Raising children takes faith and workYour June 16 article...


June 30, 1996

Raising children takes faith and work

Your June 16 article on the Cockeysville Lacrosse Invitational Tournament and Gregory Kane's column that day, ''Success stories point way out from Cabrini-Green,'' emphasized once again that children who are supported by their family succeed.

Having witnessed both the tournament and the oppressive and unjust conditions that can be observed and no doubt felt in Cabrini-Green brought these success stories clearly into focus. Both articles described healthy families although substantially different in more respects than race and economics.

Our city, country and world have been torn apart with expressions of hatred both subliminal and overt, in the burning of churches, the disintegration of the education systems and the destruction of the family. To read about success and wholesome activities was a relief.

The only thing that would have made that issue better was to mention the faith in God it takes to raise children and the hope and love that each parent, whatever his background, must have to succeed in that awesome responsibility and incredible opportunity.

As John Boyce was quoted as saying, ''You can push yourself farther than you thought you could . . . and it teaches leadership'' so I imagine the successful parents and children of Cabrini-Green and Mr. Kane would agree.

One additional thing to which even Mr. Kane would likely agree is that you can't do it alone. It takes support and partnerships on every level from churches and governments, to parents and children, to journalists and readers.

Raine R. Mullan


City police officers deserve thank you

As a city business owner, I want to applaud the efforts of the Baltimore Police Department.

The potential for a difficult situation occurred outside our market several days ago but, through the exemplary efforts of the Police Department, individuals who were wanted due to prior criminal activity were apprehended without incident. The professionalism of the officers involved and their genuine regard for the safety of the neighborhood and our employees was impressive.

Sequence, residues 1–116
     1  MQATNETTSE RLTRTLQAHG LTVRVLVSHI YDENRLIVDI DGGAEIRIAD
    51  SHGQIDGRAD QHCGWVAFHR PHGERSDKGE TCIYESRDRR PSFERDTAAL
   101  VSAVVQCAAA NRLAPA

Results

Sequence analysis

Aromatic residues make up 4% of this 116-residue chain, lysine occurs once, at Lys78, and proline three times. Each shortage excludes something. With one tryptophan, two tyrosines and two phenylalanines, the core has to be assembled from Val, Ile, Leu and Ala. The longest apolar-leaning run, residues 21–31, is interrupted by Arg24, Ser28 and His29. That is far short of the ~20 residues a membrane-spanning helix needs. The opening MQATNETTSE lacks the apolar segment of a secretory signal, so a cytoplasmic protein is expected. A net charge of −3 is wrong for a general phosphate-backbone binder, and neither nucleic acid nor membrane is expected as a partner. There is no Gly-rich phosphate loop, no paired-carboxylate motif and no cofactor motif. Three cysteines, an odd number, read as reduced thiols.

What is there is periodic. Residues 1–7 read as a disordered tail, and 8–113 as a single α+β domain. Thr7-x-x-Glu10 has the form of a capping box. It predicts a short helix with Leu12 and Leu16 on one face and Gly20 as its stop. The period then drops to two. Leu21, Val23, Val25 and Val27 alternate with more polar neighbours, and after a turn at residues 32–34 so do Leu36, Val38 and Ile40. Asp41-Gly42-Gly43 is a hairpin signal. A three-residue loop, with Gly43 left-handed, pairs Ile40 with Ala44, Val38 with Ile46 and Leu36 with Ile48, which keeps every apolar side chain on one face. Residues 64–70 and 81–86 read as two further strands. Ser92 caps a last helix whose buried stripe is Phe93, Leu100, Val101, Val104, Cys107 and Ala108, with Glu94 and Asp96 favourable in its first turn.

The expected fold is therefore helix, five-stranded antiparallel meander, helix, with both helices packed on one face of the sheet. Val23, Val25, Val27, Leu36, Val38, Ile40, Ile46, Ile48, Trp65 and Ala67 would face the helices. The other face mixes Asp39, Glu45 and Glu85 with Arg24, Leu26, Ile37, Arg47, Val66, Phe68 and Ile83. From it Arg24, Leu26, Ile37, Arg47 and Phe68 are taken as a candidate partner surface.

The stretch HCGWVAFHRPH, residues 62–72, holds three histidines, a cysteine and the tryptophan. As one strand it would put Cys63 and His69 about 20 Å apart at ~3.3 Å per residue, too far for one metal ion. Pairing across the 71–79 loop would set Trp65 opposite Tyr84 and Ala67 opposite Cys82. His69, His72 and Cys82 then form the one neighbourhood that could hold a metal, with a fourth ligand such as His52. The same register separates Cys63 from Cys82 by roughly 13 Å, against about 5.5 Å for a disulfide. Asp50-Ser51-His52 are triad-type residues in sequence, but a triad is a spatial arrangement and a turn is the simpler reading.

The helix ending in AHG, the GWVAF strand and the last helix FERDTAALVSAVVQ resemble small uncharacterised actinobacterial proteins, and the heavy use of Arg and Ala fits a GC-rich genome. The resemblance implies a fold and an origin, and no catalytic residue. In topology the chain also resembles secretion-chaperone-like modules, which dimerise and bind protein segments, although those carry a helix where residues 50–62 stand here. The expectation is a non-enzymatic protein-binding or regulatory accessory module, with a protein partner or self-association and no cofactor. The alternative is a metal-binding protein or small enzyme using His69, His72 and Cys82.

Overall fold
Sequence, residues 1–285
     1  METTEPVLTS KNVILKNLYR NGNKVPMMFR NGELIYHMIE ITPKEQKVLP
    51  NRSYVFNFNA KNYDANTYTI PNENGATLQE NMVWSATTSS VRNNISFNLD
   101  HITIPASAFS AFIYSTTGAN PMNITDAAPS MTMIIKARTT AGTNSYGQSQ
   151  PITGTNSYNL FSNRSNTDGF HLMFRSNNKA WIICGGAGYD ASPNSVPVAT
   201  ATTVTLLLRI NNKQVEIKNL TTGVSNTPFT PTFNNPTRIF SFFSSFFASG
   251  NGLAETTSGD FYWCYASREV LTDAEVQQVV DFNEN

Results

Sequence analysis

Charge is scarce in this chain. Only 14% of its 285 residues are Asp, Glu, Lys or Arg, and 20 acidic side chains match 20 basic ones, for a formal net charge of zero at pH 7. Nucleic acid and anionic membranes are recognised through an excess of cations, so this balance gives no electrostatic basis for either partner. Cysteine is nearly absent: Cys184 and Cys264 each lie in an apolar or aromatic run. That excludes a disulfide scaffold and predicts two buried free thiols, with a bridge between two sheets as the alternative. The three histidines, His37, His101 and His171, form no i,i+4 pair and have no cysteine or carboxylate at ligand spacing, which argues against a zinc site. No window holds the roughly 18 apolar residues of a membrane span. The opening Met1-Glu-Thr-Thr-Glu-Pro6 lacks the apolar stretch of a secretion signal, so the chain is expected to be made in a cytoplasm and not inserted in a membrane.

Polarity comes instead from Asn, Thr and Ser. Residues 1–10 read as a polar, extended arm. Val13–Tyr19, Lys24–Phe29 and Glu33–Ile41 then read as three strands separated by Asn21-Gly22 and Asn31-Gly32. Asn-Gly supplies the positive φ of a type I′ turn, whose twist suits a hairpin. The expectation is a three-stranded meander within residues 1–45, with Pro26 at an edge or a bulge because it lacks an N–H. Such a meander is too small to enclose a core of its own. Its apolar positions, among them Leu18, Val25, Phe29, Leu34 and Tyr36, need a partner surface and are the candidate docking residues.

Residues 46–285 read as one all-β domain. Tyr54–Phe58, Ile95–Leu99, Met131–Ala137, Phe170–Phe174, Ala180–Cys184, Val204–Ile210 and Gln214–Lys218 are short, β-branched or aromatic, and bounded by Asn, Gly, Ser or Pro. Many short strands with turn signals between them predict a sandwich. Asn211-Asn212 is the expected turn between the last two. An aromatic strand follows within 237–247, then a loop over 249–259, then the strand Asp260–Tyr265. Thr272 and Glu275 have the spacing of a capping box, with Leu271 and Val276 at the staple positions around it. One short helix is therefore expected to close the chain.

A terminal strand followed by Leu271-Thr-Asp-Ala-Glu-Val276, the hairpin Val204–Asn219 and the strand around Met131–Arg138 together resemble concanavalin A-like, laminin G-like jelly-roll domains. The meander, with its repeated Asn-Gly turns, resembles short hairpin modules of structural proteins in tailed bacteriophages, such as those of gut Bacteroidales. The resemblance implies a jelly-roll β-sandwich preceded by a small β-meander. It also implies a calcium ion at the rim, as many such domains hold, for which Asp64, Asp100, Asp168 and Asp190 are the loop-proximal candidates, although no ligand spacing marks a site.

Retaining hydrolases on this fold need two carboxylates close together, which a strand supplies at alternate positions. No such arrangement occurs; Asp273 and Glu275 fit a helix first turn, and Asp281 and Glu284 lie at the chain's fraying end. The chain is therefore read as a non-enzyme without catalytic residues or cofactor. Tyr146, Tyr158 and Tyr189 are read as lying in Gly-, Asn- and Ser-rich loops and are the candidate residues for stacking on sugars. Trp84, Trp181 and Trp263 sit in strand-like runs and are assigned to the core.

On behalf of everyone at Eddie's of Roland Park, I would like to extend a heartfelt ''thank you'' to the Baltimore Police Department.

Nancy Cohen


The writer is chief executive officer of Eddie's of Roland Park market.

Baltimore's problems can be solved

Barry Rascovar's recent columns on Baltimore: ''A city without leadership''(April 21), ''Getting out of the hole''(April 28) and ''A city at a sort of crossroads'' (May 12) deserve the concerned attention of all those who deplore the decline of Maryland's premier and once great city.

Its multiple problems -- crime, deplorable education, oversized government and excessive property taxes compared to

surrounding counties -- were ably documented.

Also offered were constructive solutions, such as asking the city's big accounting firms for pro-bono managing and performance audits of all city agencies, or bringing in business leaders, university expertise and churches to help in finding answers to those legion problems -- always with the proviso that their suggestions be implemented.

These suggested solutions -- together with the appointment of able, non-political people -- seem eventually possible.

Achieving them requires political courage. Many have been bravely carried out by the executives and councils of surrounding counties.

Would not leadership by the mayor be equally possible and redound to his credit?

If Mayor Kurt L. Schmoke were to succeed in reversing the decline of the city, any thoughts of future state or federal office would be obviously greatly enhanced.

James. C. Pine


Blue Cross chief wrong about managed care

Bill Jews, the president of Blue Cross and Blue Shield of Maryland, has written a truly valuable work of fiction for The Sun's readers (June 23, "Better deal for the patient").

lTC Mr. Jews' essay provides virtually no new information about the health care market's shift to managed care and what is important for consumers.

Mr. Jews' underlying premise -- that health care is analogous to pumping gas or using a money machine -- is wrong.

Health care is a complex process in which financial, legal, ethical and moral issues all come into play. The facility with which Mr. Jews latches onto his commercial analogy is disturbing because it belies an incredibly shallow view of health care consumers' and providers' needs and expectations.

Contrary to Mr. Jews' contention, the shift to managed care is not consumer-driven, it is employer-driven. There is no evidence of a consumer outcry for more managed care. Rather, consumers are increasingly concerned about how managed-care plans are eroding their access to critical services in the name of cost containment.

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